Fuel has gone up so much that I’m wondering how, apart from trading in my car for a more eco-friendly vehicle, I can really improve my gas mileage? – Ailsa in Hull, Que.
Short of switching to a hyper fuel-efficient model or curtailing your driving, there are a few things you can do to optimize economy in your current ride.
Looking after your car is important. To keep an engine running efficiently, air filters and oil require routine attention. Ensuring your tires are inflated to the optimum pressure may seem obvious, but a recent survey found a quarter of vehicles on Quebec roads have under-inflated tires. If this were rectified, 50 million litres of fuel could be conserved annually. You can find the manufacturer’s recommendation inside the driver’s door, or in your owner’s manual. Make sure to use a gauge when measuring pressure; eyeballing alone can leave a tire 20 per cent under-inflated.
Altering your driving style may have the most significant impact on your fuel bill.
“Natural Resources Canada did a study and noted techniques you can use which will help save fuel. They found the speed at which you drive will save the most,” says Rose Bergeron, former co-ordinator of the Ontario EcoDriver program.
“Usually a car is most efficient between 80 and 100 km/h; if you drive 110 km/h you’ll use 10 per cent more gas, and if you drive 120 km/h, you’ll use 20 percent more. After speed, acceleration and deceleration are big factors. If you drive what we call jack-rabbit style – braking suddenly and accelerating quickly – you’ll consume the most fuel.”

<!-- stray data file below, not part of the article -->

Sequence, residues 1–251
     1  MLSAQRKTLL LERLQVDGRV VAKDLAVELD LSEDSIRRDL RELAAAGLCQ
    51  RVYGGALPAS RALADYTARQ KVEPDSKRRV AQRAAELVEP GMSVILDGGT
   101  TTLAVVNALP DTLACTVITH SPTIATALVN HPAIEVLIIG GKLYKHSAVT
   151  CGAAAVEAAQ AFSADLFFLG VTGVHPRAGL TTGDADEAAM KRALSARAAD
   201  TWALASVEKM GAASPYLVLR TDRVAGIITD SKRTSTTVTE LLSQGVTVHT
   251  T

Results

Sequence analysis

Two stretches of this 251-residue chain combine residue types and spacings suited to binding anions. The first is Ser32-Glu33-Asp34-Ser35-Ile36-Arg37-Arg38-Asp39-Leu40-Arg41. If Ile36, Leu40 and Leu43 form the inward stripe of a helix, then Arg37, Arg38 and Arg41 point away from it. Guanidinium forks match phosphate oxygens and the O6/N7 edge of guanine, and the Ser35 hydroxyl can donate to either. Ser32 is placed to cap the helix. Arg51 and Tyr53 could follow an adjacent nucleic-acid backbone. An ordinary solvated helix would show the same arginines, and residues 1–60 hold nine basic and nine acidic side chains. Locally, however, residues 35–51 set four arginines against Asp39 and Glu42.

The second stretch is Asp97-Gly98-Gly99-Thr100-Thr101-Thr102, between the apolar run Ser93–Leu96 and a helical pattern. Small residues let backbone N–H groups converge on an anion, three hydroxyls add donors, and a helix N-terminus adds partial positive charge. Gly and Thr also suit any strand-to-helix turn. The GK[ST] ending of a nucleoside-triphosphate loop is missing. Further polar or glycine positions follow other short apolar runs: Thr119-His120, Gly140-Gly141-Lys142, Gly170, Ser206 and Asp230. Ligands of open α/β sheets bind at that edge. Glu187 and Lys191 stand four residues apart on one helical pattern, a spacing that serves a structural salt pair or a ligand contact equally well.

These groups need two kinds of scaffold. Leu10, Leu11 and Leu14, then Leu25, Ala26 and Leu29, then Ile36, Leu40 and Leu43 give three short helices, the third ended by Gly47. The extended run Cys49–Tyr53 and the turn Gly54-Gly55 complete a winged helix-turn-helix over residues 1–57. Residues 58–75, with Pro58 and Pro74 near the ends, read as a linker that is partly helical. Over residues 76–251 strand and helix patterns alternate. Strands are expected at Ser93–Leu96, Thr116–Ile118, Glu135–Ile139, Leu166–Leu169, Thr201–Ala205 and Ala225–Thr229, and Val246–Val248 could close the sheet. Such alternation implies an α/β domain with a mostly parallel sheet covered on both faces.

Due to the many starts and stops, acceleration force is responsible for about half of fuel used when driving in the city. Anticipation is key to the smooth style that helps reduce consumption. When it’s safe to do so, brake early, and gently. When accelerating, ease the pedal gradually and, if your transmission is manual, change gears sooner. Eco-driving experts recommend a visualization exercise to help achieve a more fuel-efficient touch: imagine a cup of coffee on the dash, an egg under the accelerator pedal, and drive as though you’re trying to avoid breaking the egg or spilling the coffee.
Idling is another drain on efficiency. In 10 minutes, the average three-litre engine uses 300 millilitres of fuel. “People are still under the false impression that when it’s cold outside they need to idle their car for 10 minutes or more, but it’s been calculated that in winter you only need to warm your car for a minute or two,” says Bergeron. “Then warm it up as you go, driving slowly for the first few kilometres.
“They also believe if they quickly go into a store and come back, it saves fuel to keep the engine on instead of turning it off – but this is also false. If you idle for more than 10 seconds, you might as well turn off the engine because you’ll use more fuel than restarting.”
Travelling light is another obvious but often overlooked measure. Remove the junk from your trunk, and from the roof. How many barren ski and bicycle racks barrel down the road each day? A 100-kilogram weight reduction, for example, can yield a 2 to 3 per cent increase in fuel economy.
Using a GPS can help you plan journeys, including familiar trips, in a more efficient manner.
According to Bergeron, the average motorist employing fuel-efficient techniques will see a 10 per cent decrease in consumption, and those who previously practiced the worst habits can reap up to 25 per cent savings. There’s a catch, though – you must be diligent.
“In Quebec, they did a pilot where eco-training was given to 100 drivers. They reduced their fuel use significantly, but what the study noticed is six months after training they fell back into bad habits. If you start enthusiastically, you’ll save fuel, but in the long run you really have to remind yourself to drive fuel-efficiently.”
If your car has a feature that indicates fuel consumption, use this to help gauge your progress or adjust your driving style to achieve the best mileage.